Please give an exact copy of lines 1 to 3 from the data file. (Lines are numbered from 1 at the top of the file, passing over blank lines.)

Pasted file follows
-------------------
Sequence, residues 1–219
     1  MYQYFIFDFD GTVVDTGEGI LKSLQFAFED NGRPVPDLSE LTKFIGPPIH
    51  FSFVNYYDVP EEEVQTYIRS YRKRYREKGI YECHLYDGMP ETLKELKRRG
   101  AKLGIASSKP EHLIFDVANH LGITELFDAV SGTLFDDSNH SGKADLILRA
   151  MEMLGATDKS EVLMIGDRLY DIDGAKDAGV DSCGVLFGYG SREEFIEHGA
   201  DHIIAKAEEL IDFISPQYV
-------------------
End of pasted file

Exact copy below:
Sequence, residues 1–219
     1  MYQYFIFDFD GTVVDTGEGI LKSLQFAFED NGRPVPDLSE LTKFIGPPIH
    51  FSFVNYYDVP EEEVQTYIRS YRKRYREKGI YECHLYDGMP ETLKELKRRG